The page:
Our Technical Committee Lawful Interception (LI) covers the whole spectrum of interception aspects, from a logical overview of the entire architecture and the generic intercepted data flow, to the service-specific details for e-mail and Internet, and the requirements for law enforcement agencies.
Specifications for the handover procedure illustrate the flow that the intercepted data should follow in telecommunication networks or services.
LI is also addressing retained data by producing documents on retaining data for enforcement authorities and for the retained data handover interface.
ETSI standards for electronic signatures are currently being developed in Technical Committee Electronic Signatures and Infrastructures (ESI).
Our Cyber Security Technical Committee (TC CYBER) is developing standards to protect the Internet and the communications and business it carries against cyber-threats.
Our Security Algorithms Group of Experts (SAGE) provides the Institute's standards makers with cryptographic algorithms and protocols specific to fraud prevention, unauthorized access to public and private telecommunications networks and user data privacy.
We also act as the custodian (distributing authority) and deal with the licensing of various algorithms, developed ourselves or by other organizations.
Our Special Committee on Emergency Communications (EMTEL) is the focal point in ETSI for the co-ordination and collection of requirements for emergency service communication. The committee's scope includes issues related to user needs, network architectures, network resilience, contingency planning, priority communications, priority access technologies and network management, national security and Public Protection and Disaster Relief (PPDR).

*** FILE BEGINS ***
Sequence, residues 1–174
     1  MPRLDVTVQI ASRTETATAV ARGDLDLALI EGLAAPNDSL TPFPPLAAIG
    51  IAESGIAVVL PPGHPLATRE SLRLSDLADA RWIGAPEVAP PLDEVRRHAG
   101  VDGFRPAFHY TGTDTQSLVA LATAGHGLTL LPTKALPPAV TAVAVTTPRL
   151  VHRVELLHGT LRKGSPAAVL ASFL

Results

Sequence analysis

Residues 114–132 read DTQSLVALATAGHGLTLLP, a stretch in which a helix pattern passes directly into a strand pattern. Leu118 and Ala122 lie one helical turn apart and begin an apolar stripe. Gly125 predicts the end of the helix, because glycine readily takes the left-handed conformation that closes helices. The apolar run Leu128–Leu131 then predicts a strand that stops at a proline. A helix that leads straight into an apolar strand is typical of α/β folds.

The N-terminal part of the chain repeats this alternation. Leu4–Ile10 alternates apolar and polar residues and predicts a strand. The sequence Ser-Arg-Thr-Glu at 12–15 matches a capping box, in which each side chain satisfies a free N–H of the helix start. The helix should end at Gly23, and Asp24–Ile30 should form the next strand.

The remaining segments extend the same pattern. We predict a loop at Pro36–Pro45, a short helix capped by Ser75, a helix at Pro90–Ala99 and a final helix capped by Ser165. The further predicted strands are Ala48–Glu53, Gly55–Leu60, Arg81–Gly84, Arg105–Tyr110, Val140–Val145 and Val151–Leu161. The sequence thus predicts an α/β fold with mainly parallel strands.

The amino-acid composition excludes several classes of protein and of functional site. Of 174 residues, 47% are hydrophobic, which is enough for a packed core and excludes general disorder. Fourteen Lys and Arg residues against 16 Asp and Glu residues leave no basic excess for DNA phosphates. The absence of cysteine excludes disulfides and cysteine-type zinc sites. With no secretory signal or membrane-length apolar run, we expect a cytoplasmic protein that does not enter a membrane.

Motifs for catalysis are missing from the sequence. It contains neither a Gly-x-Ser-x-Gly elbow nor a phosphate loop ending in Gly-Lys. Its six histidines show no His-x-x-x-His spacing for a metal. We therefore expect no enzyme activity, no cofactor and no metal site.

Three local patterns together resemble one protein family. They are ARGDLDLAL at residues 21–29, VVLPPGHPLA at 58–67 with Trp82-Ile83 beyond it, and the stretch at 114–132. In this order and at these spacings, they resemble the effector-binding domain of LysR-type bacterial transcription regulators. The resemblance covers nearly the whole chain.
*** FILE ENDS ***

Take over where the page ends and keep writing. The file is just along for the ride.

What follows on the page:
Other deliverables published by EMTEL address the European regulations covering communication during emergency situations, suitability of SMS and CBS (Cell Broadcast Service) for emergency messaging, and requirements for emergency communications network resiliency.
The main task of Technical Committee Smart Card Platform (TC SCP) is to maintain and expand the smart card platform specifications for mobile communication systems on which other committees and organizations can base their system-specific applications.
Radio Frequency Identification (RFID)
Security in RFID technology must prevent illicit tracking and cloning of tags. In addition, RFID tags present a rather low limit of computational resources within the tag, which makes the use of standard cryptographic techniques unfeasible. Lighter encryption algorithms must be created for the RFID tags.
Joint Technical Committee Broadcast is defining specific security features.
- TV-Anytime is a set of specifications for the controlled delivery of multimedia content to a user's personal device (Personal Video Recorder). ETSI standards for TV-Anytime are being developed in JTC Broadcast, based on proposals from the TV-Anytime Forum. Phase 2 specifications have now also been published by ETSI.
- Current work involves security issues regarding satellite distribution systems, with the intention of protecting the user identity in terms of location, signalling and data traffic to prevent unauthorized use of the network.
Our Technical Committee Satellite Earth Stations and Systems (SES) has produced specifications on network security for broadband satellite multimedia services. In addition, the committee's working group on geo-mobile radio interfaces, which is responsible for standards on radio interfaces for geostationary earth orbit satellite access to the core network of GSM, has undertaken work on the security of the interface and the services delivered through it.
SES is working on specifications on network security in the area of broadband satellite multimedia services.
ETSI has set standards defining the protocols and functional requirements for Internet Protocol Cable Communications (IP Cablecom) - including a security specification for the technology.